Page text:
Cartoon Crossroads Columbus festival: A photo diary (of sorts)

Spurred on by an invitation (and offer of free room and board) from festival director Tom Spurgeon, my friend Joe McCulloch I attended the Cartoon Crossroads Columbus festival, held in Columbus, Ohio, last weekend.

If you want a full blow-by-blow account of our trip, check out the latest episode of Comic Books Are Burning in Hell (shameless plug). What follows however, is a (somewhat) brief photo diary of my adventures.  It was a good time.

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As mentioned, I stayed at the home of the mighty Comics Reporter Tom Spurgeon, who had a host of rotating house guests sleeping on his couches and floors throughout the show. As you could well imagine, Tom’s home boasts an impressive collection of graphic novels and original art, as well as two Eisners, perfectly displayed above his kitchen sink.

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The first event we attended was a lecture at the Ohio State University by animator and Winsor McCay biographer John Canemaker on how McCay’s interest in depicting motion and movement led him to be a pioneer in animation. The best moment was easily when Canemaker attempted to re-enact McCay’s vaudeville banter with Gertie the Dinosaur and coaxed the audience to join in.

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Hot tip: Hanging out with the festival director can get you invited to all the cool kid parties, like ones where the drink tickets are designed by Jeff Smith.

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We spent most of the next day examining the wonders of the Billy Ireland Cartoon Library and Museum, also on the OSU campus. Much has been said about the Billy Ireland and all of it is true. The good stuff anyway. This place is a treasure trove of comics art. They even have Chester Gould’s drawing table!

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The museum was also hosting open house tours on the hour as part of the festival. This gave visitors a chance to sneak into the climate-controlled rooms and see things like Milton Caniff’s life mask and original Terry and the Pirates art.

img_2959img_2969There was also a reading room, where visitors could examine books on the shelves or handle some of the original art on the tables (provided they wore the proper white gloves). There was classic work by Robert Crumb, Steve Ditko, Rory Hayes, Greg Irons and Neal Adams all lying about for perusal.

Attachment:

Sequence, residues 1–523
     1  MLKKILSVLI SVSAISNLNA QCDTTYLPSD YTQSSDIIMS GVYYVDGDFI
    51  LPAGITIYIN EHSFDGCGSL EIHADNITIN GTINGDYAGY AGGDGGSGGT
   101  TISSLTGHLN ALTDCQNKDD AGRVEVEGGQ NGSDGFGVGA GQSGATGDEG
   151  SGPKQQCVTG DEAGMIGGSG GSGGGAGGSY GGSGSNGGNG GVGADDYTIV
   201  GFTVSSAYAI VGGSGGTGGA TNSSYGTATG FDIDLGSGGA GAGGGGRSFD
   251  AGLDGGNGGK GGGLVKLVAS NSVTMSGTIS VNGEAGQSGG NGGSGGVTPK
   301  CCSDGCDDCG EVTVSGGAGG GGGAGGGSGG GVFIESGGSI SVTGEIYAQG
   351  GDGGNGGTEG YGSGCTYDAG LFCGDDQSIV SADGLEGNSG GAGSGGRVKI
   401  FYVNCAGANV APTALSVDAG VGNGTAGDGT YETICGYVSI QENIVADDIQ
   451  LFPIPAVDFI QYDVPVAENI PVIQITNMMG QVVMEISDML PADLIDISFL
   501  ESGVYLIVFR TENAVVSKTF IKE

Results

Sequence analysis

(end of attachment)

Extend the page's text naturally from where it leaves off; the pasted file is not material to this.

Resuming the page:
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Toward the end of the day, an informal opening ceremony was held, the highlight being the awarding of the Master Cartoonist award to Sergio Aragones and Carol Tyler.

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Afterward, one of the festival’s biggest guests, Doonesbury creator Garry Trudeau spoke one-on-one with author Glenn David Gold.

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The next day (Saturday) was day one of the expo part of the festival, held in the impressive Columbus Metropolitan Library. It was a relatively small affair but included such notable artists Brandon Graham, Katie Skelly, Skottie Young, Jim Rugg, Julia Gfrorer, Sacha Mardou and others.

As far of books of note at the show: Fantagraphics had the latest iteration of Love and Rockets (now back to a magazine-sized pamphlet) and Sunday Press Books had a new oversize collection of Dick Tracy Sunday strips. (this was apparently the first comic show Sunday Press had done outside of San Diego).

I got a mixed reaction from the exhibitors I talked to on the show floor. Some said they were having steady or even great sales. Others were less enthusiastic, saying things were slow at best. Hopefully, Sunday was better for these folks.

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There were also a number of panels and signings. A long line of young girls and moms snaked around to get Raina Telegemeier’s autograph, and there was a nice crowd of people to see Sergio Aragones and Stan Sakai chat, with Jeff Smith serving as an informal moderator.

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No trip to Columbus is complete without a stop at The Laughing Ogre.

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To wrap up our trip, we attended a talk by Charles Burns, who ran through his entire career from early influences to latest work, Last Look, showing how his childhood interests shaped his contemporary work.

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Sadly, we couldn’t stick around on Sunday so we thanked Tom and bid adieu to the Buckeye State.

While still in its infancy, CXC shows ambition and a good deal of promise, especially in its desire to blend the educational and academic comics world with the more traditional aspects of the average indie comics show. If it can pull it off in the years to come, it will be a show worth attending regularly.

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